My concerns/desires: I want this to be a primary source of heat for most of the heating season. I need to be able to throttle back the stove for the 45 - 50 degree times, decreasing output and fuel consumption. I want the stove to be reasonably suitable for living space, not too noisy, dusty, or ugly. any recommendations that you have to meet these requirements? obviously, i'm planning for next year but like to do these things in advance.

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coalkirk
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Posts: 4679
Joined: Wed. May. 17, 2006 8:12 pm
Stoker Coal Boiler: 1981 EFM DF520
Coal Size/Type: anthracite/rice coal
Location: Forest Hill MD

Post Thu. Mar. 12, 2009 12:53 pm

Well as you already know, a bi-level is an excellent design for whole house heating with a stove as you describe. The questions you need to ak yourself is how often or infrequent would you like to tend the stove. There are good hand fed and stoker stoves that would fit your need. A Harman mag stoker would be my choice. It has a variable output from 5k to 85k BTU and is controlled via a wall mounted thermostat. It holds 100 lbs. of rice coal and feeds itself as needed. It would require the least attention and give you the most control in my opinion. They arn't cheap but are built very well and will last many years. You will read things about Harmans poor customer service and they are true. But frankly once this stove is installed you won't need any.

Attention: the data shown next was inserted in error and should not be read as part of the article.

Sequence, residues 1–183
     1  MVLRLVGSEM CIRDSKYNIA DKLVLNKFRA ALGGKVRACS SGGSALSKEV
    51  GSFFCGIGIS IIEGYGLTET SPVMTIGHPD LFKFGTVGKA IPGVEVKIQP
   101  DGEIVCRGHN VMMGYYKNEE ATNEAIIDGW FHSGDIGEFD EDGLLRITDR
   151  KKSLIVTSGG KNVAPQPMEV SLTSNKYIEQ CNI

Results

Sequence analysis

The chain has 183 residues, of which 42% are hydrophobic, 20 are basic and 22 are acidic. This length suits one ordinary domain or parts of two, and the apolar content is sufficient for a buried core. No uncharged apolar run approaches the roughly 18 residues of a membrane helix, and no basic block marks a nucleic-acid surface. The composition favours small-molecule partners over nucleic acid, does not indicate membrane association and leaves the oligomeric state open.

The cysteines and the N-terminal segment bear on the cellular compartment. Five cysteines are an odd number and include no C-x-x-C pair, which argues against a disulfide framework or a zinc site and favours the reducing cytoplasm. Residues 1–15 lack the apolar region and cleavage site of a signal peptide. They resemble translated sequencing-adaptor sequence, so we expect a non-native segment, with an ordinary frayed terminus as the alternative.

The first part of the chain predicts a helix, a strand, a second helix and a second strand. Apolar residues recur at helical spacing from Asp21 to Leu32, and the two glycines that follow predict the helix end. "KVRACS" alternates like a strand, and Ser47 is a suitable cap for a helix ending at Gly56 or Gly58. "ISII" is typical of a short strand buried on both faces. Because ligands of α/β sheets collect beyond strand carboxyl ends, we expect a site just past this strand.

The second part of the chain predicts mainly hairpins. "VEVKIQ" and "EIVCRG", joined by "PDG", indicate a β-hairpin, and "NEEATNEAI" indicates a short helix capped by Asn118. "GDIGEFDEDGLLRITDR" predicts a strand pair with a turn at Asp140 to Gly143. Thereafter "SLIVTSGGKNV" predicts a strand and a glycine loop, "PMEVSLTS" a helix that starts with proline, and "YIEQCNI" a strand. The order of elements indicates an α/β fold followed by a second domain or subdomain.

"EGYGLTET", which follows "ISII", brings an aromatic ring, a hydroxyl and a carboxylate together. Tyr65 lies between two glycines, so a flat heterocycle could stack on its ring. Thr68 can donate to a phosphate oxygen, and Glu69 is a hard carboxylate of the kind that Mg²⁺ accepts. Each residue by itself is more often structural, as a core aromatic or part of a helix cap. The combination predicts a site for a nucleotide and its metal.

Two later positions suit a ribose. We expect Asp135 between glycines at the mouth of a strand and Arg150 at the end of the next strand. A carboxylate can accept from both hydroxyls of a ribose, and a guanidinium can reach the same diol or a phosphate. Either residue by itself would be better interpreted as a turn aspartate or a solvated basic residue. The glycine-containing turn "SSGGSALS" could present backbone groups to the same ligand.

You have enemies? Good. That means you've stood up for something, sometime in your life. Winston Churchill

"I would rather have a German division in front of me than a French one behind me." —General George S. Patton

Burning rice coal in a 1981 EFM DF520, nut coal in a hand fired Jotul 507.

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coaledsweat
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Posts: 9825
Joined: Fri. Oct. 27, 2006 2:05 pm